Where buying games is concerned, I tend to follow two distinct patterns. For PC, I generally buy digitally, whether it be via Steam or GOG (with a preference for the latter). Occasionally, I might buy from another digital retailer, such as Humble Bundle or Green Man Gaming; sometimes I even purchase a physical copy. The rule of thumb, however, is that digital downloads have become the main source of my PC gaming fix. It’s convenient and it tends to be cheap.
This situation is entirely flipped when I buy my console games. Despite there being active digital distribution platforms for Sony and Microsoft, I will very rarely obtain a game from PSN or XBL. Sometimes this is because the physical copy comes with material benefits (such as a Collector’s Edition with loot), but more often than not, it simply comes down to price. Unlike their PC counterparts, console digital games tend to cost even more than boxed retail copies.
But I’m faced with an awkward decision when it comes to the release of inFAMOUS: Second Son for PS4.
Last week I gave the general overview of the game. But I’m not satisfied with simply telling you people to buy the game. Oh no, I’m going to hammer this game into you. In these cynical times when the games market is flooded and our options of what to sink our time into are many, we often overlook content in favor of simply gorging through games as fast as possible so we can get to the next one, never truly understanding the games we play or what makes them good. I savored this game. Every minute of the 90 ours I plunked into this I digested with glee. I wouldn’t say I’ve mastered the game like some of the people I’ve seen on YouTube who pull off perfect scores in each level, but I definitely feel like I’ve got some skills to pay the games bills and I’ve grown in my gaming experience because of it.
Up until recently I’ve stood apart from a large portion of the gaming community. Today the major franchise gaming titles are hugely grounded in multiplayer. From behemoth FPS franchises like Battlefield and Call of Duty, to FIFA and Forza, games are eschewing a meaningful single-player experience to focus on providing as comprehensive platform for gamers to compete against each other as possible. Hell, even RPG stalwarts like my beloved Mass Effect have taken the online multiplayer shilling. And thus far I’ve remained on the outside, looking in.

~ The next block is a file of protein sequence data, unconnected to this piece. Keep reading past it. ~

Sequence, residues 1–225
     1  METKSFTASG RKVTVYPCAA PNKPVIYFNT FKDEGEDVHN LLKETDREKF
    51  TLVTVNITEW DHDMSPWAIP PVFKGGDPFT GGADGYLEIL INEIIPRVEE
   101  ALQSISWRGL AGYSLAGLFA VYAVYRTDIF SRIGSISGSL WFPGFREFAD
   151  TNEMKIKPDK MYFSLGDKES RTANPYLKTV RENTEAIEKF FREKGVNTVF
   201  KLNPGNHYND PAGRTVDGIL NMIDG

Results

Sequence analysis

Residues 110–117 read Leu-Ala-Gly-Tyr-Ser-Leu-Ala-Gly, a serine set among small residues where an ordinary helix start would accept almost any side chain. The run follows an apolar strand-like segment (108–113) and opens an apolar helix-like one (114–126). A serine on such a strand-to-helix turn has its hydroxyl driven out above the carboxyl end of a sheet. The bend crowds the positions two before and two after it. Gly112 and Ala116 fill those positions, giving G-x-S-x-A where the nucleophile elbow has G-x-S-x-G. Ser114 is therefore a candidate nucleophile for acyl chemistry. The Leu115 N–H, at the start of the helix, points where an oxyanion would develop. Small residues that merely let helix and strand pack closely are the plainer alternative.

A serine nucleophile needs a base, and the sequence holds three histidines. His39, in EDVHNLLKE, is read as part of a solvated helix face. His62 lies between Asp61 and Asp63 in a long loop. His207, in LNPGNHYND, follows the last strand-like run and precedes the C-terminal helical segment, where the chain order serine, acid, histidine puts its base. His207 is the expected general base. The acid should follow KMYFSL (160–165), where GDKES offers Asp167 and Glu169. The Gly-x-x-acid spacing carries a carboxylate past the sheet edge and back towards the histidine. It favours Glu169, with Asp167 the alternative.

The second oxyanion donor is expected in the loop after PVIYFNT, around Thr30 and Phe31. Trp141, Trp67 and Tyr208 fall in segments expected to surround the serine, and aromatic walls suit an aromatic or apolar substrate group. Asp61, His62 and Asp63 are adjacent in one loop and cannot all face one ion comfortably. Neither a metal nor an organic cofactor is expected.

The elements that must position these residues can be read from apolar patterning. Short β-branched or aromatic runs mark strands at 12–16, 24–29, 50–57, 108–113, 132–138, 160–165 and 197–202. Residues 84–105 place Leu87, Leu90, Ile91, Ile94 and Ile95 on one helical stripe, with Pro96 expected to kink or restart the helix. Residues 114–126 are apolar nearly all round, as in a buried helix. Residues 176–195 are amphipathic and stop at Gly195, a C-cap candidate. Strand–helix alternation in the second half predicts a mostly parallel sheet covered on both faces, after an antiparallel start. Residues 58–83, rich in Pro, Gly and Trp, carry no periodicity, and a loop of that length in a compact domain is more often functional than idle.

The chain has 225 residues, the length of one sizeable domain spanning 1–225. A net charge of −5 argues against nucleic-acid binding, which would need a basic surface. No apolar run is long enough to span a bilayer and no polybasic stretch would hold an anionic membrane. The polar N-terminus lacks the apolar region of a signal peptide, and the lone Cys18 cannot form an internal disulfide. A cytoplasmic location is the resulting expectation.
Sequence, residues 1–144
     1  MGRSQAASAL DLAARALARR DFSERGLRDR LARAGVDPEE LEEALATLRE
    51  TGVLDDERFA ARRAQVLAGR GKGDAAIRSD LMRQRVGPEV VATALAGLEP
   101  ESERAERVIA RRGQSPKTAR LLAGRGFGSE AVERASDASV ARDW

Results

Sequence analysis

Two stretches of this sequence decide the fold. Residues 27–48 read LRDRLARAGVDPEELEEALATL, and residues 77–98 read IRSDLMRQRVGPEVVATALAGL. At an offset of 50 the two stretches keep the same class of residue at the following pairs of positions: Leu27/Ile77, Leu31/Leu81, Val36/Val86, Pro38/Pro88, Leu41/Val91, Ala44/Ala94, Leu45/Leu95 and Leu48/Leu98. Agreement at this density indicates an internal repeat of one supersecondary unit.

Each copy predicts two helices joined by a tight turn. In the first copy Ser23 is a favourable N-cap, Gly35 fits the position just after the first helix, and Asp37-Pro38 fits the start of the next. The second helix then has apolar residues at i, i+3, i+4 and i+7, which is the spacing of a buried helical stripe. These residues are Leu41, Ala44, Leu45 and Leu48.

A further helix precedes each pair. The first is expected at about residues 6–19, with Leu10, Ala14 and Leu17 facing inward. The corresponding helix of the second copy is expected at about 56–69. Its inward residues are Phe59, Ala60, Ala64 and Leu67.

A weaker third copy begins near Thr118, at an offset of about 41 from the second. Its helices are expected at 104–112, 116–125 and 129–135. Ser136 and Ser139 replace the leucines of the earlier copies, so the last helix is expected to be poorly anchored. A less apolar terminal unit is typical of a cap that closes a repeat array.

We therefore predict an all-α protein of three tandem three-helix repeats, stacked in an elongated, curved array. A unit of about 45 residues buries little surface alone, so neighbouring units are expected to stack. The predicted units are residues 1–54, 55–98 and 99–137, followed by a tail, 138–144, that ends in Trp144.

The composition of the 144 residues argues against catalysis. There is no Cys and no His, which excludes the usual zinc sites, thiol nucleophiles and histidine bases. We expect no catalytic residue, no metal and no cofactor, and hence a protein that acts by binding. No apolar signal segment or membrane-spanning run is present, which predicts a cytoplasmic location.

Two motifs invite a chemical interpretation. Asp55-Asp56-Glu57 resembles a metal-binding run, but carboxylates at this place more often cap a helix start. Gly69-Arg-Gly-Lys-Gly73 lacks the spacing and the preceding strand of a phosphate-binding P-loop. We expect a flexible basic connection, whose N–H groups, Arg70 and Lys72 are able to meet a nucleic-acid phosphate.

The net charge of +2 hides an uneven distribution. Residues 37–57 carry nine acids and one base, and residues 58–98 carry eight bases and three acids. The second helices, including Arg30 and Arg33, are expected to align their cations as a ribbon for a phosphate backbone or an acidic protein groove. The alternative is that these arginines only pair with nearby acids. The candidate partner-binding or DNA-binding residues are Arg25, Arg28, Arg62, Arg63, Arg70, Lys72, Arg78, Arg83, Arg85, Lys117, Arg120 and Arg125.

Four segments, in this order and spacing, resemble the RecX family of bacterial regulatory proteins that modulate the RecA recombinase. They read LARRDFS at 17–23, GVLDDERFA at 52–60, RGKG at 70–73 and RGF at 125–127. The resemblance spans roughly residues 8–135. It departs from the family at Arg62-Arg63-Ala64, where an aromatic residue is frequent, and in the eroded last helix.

The last time I played an online title for any length was World of Warcraft, though to be honest I didn’t really play that properly as a multiplayer game. Sure I did the odd dungeon run, but in the main I soloed the game, which I’m fairly sure is missing the point a touch. Really, in truth, the last time I played online with any real engagement was in the days of Delta Force 2 and Quake 2. We’re talking late nineties here, so not the most refined experience. My experience then was not the best, if I’m honest. Pitted against the hordes of experienced players gathered in their clans, with just my wits, my rollerball mouse and my 56k modem, I found the going hard. Actually, I found the going to be bumpy, covered, as it was, with mounds of my corpses, as I re-spawned for the thirtieth time that minute only to be immediately annihilated afresh. Whether it was my horrific ham-thumbedness or their massive experience of the maps, playing the games was a deeply humbling and unpleasant experience. Let’s face it, spending all your time being shot and getting literally no actual gaming offence in begins to grate. This was early in the beginnings of expansive online gaming, so balancing and level design were in their infancy, meaning that good players could exploit the system something chronic.
Add onto this the end of round scoretables, with me sat bottom with no kills and a death count of astronomical proportions and you can see why I didn’t exactly enjoy the experience. And when I got myself a headset for voice in play? Forget about it. You know what’s worse than having no offence and being visibly and catastrophically worse than every other player in a given game? Having each and every member of your team explaining to you how badly you played, discussing the various life choices you must have made to become such a failure, raising the question of your sexuality, parentage, race and general ability to function in life and with much more exotic language than any 14 year old is expected to appreciate.
Now I’m not saying that ALL games from this time were like that, I’m just saying that all the games I played in were. Maybe I’m really just that offensively bad, but I doubt it.
So yes, from that point on online gaming and I had an understanding, I wouldn’t tarnish it with my horrific inability to play and it wouldn’t subject me to a rigorous cycle of abuse. So since then our two paths have never crossed, with me sneering at online gaming as frankly rubbish, comfortable in my assertion that ‘people ruin games’.
The thing is, though, quite a lot of gamers I know play online; gamers who’s opinions I respect. Tales of Battlefield 4 and the like would go around the office. Statistics would be exchanged and war stories recounted; all a shared experience that sounded a lot different to what I’d experienced back in the day. Still though, it’s one thing for it to sound like that, but quite another to experience right? So, I carried on in my nice little offline, solo gaming comfort zone thank you very much.